The seven-year-old son of doomsday cult founder Shoko Asahara was rescued unhurt from an inn yesterday, two days after he was abducted from a cult facility 100km northeast of the capital.
Police said the boy was well after being found at the inn in the resort of Hakone, 90km southwest of Tokyo.
Police arrested a 29-year-old member of the Aleph cult, formerly Aum Shinri Koy, who they identified as Akira Tone, at the inn.
An employee contacted police to say a boy staying at the inn resembled the missing child of the former cult leader.
Tone is thought to have have been a babysitter for Asahara's children and until recently was at an Aleph facility in Otawara, police sources said. Police believe six people, including two of Asahara's daughters, kidnapped the boy in the village of Asahi at dawn on Friday.
Police obtained arrest warrants on Saturday for the two daughters, aged 18 and 16, and another Aleph member in connection with the abduction. Two male followers have been arrested in connection with the case.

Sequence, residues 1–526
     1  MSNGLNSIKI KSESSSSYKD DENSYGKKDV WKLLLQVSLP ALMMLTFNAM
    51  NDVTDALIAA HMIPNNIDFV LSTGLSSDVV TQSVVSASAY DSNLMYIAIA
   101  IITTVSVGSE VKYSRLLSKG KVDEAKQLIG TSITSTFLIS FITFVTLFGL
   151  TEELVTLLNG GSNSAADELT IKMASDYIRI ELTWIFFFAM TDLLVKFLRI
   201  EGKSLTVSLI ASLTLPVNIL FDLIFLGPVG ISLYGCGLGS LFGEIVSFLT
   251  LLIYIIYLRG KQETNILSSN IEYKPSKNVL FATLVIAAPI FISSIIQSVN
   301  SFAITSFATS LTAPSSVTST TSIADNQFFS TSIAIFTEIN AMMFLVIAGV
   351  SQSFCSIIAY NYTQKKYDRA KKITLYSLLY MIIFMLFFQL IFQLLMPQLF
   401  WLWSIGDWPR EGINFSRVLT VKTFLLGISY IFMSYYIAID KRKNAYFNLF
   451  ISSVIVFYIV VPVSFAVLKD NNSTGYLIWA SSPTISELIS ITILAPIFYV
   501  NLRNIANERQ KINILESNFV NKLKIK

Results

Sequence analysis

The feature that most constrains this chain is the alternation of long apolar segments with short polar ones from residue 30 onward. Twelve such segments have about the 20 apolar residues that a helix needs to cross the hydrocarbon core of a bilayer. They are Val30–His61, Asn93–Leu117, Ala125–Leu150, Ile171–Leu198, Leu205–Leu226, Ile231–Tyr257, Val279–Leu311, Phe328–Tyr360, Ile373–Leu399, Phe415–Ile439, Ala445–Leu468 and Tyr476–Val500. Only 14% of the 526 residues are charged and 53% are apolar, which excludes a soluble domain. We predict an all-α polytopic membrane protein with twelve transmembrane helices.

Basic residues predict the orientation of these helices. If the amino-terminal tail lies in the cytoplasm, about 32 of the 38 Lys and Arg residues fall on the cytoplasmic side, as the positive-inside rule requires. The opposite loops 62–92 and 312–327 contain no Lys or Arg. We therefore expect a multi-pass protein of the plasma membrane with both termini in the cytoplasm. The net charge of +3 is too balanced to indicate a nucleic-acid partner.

Asahara is on trial for his alleged role in at least 17 major crimes, including masterminding the 1995 sarin gas attack on the Tokyo subway system, which killed 12 people and injured more than 5,000.
The cult announced last week it was changing its name to Aleph, the first character of the Hebrew alphabet, and said Asahara had been formally deposed as leader.
The seven-year-old boy and his five-year-old brother had been living with Asahara's 21-year-old eldest daughter in Asahi.
The 16-year-old daughter has a strong influence within the cult, as she was Asahara's first child after his supposed "enlightenment".
The two young boys have become revered as spiritual leaders since Asahara stepped down as guru in 1996.
The Yomiuri Shimbun newspaper quoted security sources as saying the children in Otawara wanted their brother to live with them to "strengthen their position after their father was deposed".
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